Somehow or other, Here Comes The Devil does both these things at different points which results in a decidedly strange but unique film that pushes boundaries in a way that does not seem boorish or glaring. That isn’t to imply the film doesn’t have some brashness to it, because it absolutely does, it just doesn’t get all self-congratulatory about pushing the envelope; a job much better suited to Todd Solondz films.
The film starts out with a fairly outlandish sex scene with two women that is cut short by the attack of a machete toting nut intent on beating one of the women nearly to death not before lopping off a couple of her fingers. This scene seems to mean nothing once we transition to the main story but ultimately it comes back around in a surprising and interesting way and gives a bit of heft to everything else that happens. The film then shifts gears to a family of four out for a family outing near a large hill with impressive rock formations with all the nooks and crannies large piles of boulders can create. Mother and father, played very well by Laura Caro as Sol and Francisco Barreiro (We Are What We Are – original) as Felix, are seemingly average middle-aged parents. They are passively annoyed at their children’s wants and needs and give in to the request to go on a hike up into the bouldered area. With time on their hands, the parents amuse themselves in an adult way in the car and then promptly fall asleep.
Upon waking, they realize their children (preteen boy and newly teen girl) have not returned at the agreed-upon time and appear to be missing. This creates and instant sense of dread and shame on the part of Felix and Sol as they probably should’ve been on top of where the kids were. Come the next day, the children appear again, found on the side of the road, appearing unharmed. This sigh of relief is short-lived because the kids seem the be exhibiting strange behavior and an unsettling connection to one another all of a sudden. They appear sullen and dull eyed and not like themselves at all which prompts trips to a child psychologist to figure out the cause. This sequence seems to open the door to a truly ugly thought on the part of any parent: that the children were abducted and assaulted during the time they were gone.
Sol and Felix lose their collective shit in an oddly measured kind of way which results in their tracking down a potential suspect in the kids’ dissapearance and trying to get the truth out of him. This scene (and lead up to it) are a bit of a transition point because from that point forward the film takes on a different feel, a different temperature. The children start to seem like a threat, like a foreign body and not the people their parents think they are. This is never outlined in some long speech or dumb medical revelation or anything like that and is, instead, poured out over scenes of increasing disturbing feeling and imagery. One sequence in particular involving their attendance at school and another with strange goings on with their babysitter gave me goosebumps.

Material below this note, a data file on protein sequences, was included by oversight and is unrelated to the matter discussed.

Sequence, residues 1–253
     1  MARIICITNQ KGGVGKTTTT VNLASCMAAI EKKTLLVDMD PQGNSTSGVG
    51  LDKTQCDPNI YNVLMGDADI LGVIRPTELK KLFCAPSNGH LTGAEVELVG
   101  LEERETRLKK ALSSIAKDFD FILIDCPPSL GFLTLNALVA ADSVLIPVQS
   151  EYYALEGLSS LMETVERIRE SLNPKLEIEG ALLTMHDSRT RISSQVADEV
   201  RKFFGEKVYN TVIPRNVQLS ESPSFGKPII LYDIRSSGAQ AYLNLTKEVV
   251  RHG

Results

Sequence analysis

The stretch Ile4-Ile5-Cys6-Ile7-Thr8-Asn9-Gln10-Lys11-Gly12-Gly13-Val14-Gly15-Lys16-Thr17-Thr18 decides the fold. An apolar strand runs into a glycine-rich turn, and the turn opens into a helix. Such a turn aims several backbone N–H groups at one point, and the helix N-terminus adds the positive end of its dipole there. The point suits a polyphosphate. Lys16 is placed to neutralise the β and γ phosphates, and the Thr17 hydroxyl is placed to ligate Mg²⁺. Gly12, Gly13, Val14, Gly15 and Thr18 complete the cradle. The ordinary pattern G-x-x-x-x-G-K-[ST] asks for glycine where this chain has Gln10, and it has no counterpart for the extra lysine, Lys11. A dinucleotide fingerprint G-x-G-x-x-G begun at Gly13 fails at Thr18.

The film goes a bit nutty in the final act and it takes a bit of patience to tie everything together. It is not that it is complicated as much as the disparate parts are pretty creepy and off-putting so the connections and conclusions you make are a murky, ugly quagmire. That plays in contrast to the jet black outcome that leaves you questioning what it is you thought might be happening at various points of the film and what-all the facts really are. It is a thin line between tweaking rules and totally ignoring rules in a film once you get to the end but this film doesn’t step over that line. The logic of it all doesn’t fall apart and once the credits roll you get the sense that you just got handled right from the get-go in this film. There isn’t anything lazy or phoned in about how it all slides in together but nothing overly thought out or clever either. It is just dark and icky and challenging and when you take stock of it all, man, do you want to take a shower or three.
As an aside, kudos to the production team for really maintaining a textural feel to the film that helps you stay with it. Too much sheen or too little grit would’ve been a disservice to the mean, black heart at the center of it but it all stays consistent throughout. Same goes for the sometimes manic score that punctuates brutal scenes with a seemless effectiveness and sparse presence in the calmer moments.
If you were a fan of Bogliano’s Cold Sweat or Penumbra with the balance of screwed-uppedness, sexuality and horror, then this film is right up your alley. If you’re looking for yet another Devil Inside-type possession retread, this probably won’t work for you.